Christmas lights, hay bales at Halloween, and Easter ornaments hanging from the trees on Easter Sunday: What does all this mean? The holidays, lots of them, are invading the garden. Gone are the days when you placed your Christmas tree in the living room window in December and put your flag out for national holidays. Now people are celebrating their holiday spirit in the backyard, front yard, porches, tree lawns, side yards and roofs. (Santa does come down the chimney, after all.)
From decked-out haunted houses to inflatable yard decorations that are taller than the average adult, embracing holidays with garden art is becoming a new tradition. Where people used to put wreaths on their doors at Christmas, now there are spring wreaths, fall wreaths, patriotic wreaths, and wreaths that are stand-ins for the parts of the year that aren't covered by other occasions. Holiday design spending, and not just at Christmas, is big business.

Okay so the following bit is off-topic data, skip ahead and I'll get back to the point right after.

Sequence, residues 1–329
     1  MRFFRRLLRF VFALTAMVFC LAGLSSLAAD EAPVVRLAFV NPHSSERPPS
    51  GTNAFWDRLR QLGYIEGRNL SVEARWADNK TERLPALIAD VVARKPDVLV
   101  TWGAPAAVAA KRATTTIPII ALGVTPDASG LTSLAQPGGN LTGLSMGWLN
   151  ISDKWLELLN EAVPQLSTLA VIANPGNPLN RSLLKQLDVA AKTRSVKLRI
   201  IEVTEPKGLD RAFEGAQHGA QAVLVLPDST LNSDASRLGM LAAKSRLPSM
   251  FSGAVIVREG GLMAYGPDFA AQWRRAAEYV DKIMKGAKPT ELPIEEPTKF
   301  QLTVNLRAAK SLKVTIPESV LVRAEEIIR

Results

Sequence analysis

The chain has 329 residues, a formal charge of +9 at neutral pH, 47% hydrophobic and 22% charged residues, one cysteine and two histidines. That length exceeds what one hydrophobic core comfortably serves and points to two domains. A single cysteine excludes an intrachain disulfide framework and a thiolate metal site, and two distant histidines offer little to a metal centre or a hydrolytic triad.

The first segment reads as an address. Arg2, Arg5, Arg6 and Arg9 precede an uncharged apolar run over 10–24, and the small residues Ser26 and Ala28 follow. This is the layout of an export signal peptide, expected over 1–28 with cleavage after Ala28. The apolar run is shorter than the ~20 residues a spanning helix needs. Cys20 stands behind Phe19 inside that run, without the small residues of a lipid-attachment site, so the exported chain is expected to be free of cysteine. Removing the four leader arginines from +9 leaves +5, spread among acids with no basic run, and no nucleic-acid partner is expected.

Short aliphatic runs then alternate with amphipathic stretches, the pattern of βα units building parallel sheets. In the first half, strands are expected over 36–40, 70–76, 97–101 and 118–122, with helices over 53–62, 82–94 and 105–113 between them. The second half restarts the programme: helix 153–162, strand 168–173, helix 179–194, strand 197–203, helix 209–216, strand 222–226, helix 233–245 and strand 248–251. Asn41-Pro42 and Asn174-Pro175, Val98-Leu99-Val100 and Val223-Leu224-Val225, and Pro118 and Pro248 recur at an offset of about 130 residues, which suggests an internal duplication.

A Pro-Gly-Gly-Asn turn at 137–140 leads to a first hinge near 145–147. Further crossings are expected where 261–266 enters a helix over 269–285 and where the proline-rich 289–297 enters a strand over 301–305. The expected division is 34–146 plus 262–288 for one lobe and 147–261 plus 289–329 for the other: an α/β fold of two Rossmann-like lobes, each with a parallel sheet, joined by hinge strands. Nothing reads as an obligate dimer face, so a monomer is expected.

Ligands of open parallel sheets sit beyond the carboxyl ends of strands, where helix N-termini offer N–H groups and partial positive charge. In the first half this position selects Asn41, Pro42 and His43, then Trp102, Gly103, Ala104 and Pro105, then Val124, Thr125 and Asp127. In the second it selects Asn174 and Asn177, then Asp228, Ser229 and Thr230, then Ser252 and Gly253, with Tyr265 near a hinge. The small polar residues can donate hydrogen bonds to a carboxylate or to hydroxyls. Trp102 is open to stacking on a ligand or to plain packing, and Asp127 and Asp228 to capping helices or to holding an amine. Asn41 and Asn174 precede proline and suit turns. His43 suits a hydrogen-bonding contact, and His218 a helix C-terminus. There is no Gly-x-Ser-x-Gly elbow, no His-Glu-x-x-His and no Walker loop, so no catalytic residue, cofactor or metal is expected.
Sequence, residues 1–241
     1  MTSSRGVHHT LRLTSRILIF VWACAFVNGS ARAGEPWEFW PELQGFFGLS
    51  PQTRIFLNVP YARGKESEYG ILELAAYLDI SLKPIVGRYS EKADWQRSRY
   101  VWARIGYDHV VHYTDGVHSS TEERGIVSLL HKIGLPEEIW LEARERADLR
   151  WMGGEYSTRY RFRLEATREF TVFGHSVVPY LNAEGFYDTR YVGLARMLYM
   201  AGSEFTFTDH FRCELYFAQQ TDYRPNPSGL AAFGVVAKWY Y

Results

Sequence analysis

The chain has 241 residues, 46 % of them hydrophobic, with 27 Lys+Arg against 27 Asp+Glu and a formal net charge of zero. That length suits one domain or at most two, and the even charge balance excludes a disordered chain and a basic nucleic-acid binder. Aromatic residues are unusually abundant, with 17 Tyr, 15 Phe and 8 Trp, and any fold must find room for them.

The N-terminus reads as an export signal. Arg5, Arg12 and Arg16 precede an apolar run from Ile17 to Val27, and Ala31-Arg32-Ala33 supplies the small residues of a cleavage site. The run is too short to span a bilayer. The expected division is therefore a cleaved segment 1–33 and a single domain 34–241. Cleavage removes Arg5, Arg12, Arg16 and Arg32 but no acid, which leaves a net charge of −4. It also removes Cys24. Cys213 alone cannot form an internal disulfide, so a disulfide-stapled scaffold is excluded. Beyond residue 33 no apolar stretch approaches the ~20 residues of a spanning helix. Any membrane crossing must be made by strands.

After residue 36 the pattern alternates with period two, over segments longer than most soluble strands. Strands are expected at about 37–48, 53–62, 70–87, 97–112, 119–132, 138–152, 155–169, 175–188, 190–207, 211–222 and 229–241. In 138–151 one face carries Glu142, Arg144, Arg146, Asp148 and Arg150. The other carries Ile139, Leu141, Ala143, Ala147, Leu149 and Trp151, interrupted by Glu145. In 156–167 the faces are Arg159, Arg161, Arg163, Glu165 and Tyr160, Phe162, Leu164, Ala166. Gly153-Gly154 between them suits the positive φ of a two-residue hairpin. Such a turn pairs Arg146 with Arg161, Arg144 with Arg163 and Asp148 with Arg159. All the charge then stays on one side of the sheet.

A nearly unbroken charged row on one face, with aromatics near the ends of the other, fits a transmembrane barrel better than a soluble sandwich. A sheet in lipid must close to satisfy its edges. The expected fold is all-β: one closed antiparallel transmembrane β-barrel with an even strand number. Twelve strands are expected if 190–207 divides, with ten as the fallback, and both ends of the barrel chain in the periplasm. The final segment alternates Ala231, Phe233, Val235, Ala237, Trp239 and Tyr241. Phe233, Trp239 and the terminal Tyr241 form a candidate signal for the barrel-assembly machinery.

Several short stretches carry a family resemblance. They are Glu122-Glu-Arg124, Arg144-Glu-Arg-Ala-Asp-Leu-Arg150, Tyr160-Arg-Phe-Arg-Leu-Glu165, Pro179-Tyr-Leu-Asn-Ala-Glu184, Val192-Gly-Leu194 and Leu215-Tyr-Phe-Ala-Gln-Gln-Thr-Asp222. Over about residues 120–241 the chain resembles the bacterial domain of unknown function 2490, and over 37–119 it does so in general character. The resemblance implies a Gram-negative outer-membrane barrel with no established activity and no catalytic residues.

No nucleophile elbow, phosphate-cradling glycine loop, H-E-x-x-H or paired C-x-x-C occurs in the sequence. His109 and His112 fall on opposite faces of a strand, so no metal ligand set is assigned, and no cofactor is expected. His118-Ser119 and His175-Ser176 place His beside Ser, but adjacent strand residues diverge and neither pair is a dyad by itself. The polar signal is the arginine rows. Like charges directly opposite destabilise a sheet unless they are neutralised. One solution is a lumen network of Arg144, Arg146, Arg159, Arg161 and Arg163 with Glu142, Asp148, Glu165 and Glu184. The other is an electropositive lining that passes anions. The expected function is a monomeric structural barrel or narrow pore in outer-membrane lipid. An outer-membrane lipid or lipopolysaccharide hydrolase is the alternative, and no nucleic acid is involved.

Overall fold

Since 2003, consumers have doubled their spending for Halloween, and that isn't all candy purchases. The next time you drive by your neighbor's house decked out in all of its Halloween finery, think about this: Halloween is second only to Christmas in retail spending, and outdoor decorating is a big Halloween tradition in many parts of the country [source: The Kitchen Sink].
In the next section, we'll get the lowdown on signs and banners.